If you deal in ecommerce, designing a clear return policy will be one of the most important tasks to get right. With the rise of Amazon, consumers increasingly expect hassle-free returns with clear expectations. If users can’t quickly grasp your return policy, they’ll find somewhere else to shop. According to a 2019 survey by UPS, 73% of shoppers said the overall returns experience impacted how likely they were to purchase from a retailer again. 

Offering a clear return policy shows that you have confidence in your product, which translates to trust for the user. Here are some best practices for creating a return/refund policy:

  • Set clear procedures for return or exchange, including postage, packaging, and order slip information.
  • Clarify whether you offer credit or refunds on returns.
  • Avoid terms like “you must,” “you are required,” and “we are not responsible for.”
  • Post your return policy in an easy-to-find area.
  • Have a contingency plan in case something goes wrong (something will go wrong).
  • Don’t copy and paste. Customize the policy to your business.

You can find return/refund policy templates on sites like TermsFeed, which allows you to customize your policy as needed. 

Terms & Conditions

A site’s terms and conditions page serves as the rulebook for your users and can be simple or wide-ranging, depending on your niche. The page explains what is or isn’t permitted and works as a legal contract between your site and its users, thereby protecting site owners against legal liability. Terms and conditions pages can cover such subjects as:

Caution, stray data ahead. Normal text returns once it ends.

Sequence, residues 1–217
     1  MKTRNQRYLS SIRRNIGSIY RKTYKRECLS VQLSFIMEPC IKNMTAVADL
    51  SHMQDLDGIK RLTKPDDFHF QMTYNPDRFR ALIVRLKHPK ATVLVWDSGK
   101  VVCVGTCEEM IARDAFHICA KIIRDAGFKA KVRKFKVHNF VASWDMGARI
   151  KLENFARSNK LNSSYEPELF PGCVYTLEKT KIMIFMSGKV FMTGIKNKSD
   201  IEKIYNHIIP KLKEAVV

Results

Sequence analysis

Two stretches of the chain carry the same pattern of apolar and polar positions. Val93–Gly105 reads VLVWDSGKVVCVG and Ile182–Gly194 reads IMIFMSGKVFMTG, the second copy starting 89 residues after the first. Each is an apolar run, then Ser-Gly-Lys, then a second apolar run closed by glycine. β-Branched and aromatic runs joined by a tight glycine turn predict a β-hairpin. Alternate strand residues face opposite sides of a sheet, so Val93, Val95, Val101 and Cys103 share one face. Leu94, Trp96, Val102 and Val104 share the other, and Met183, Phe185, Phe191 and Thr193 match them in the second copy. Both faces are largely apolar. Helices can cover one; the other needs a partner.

• Intellectual Property
  • Copyright
  • Registration Requirements
  • Comment Policy 
  • Refund Policies
  • Shipping Policies
  • Termination Rights

Both Termly and TermsFeed offer easy, customizable terms & conditions pages for your site. 


A disclaimer provides additional legal protection against any unforeseen issues by allowing you to disclaim content published on your site. Disclaimers are particularly important for blogs, forums, or sites where user-submitted content is used, and can also protect site owners against content linked from the site.

Disclaimers should be tailored to your industry or niche, and cover any potential issues that may arise. For example, if your site features health advice, a disclaimer would make clear that the content is used for educational and information purposes only and that the publisher is not a medical or health professional.

Termsfeed offers a free disclaimer generator, along with Termly, and many others.

Creating a Policy of Trust

It may seem like these legal issues won’t impact your website, but they’re much more common than you think. Don’t wait until disaster strikes before you get yourself protected, because there’s no telling what tomorrow can bring.

In addition to keeping yourself in the clear, creating these policy pages help you establish clear expectations with your users. This helps develop a relationship of trust that translates into more buy-in and, ultimately, more business. Trust remains one of the most crucial factors in a business relationship. Policy pages show that you’re willing to put your cards on the table in exchange for your user’s trust.
Always strive to be clear and transparent with your policy pages. Your users expect to find them in your site’s footer, so it’s best to meet those expectations. And while you should feel good and highlight the policies you’re proud of, be careful not to over-promise. One easy solution is the Trustmark from DigitalTrust, which gives you a platform to highlight your best policies in order to give your customers a good sense of transparency and trust.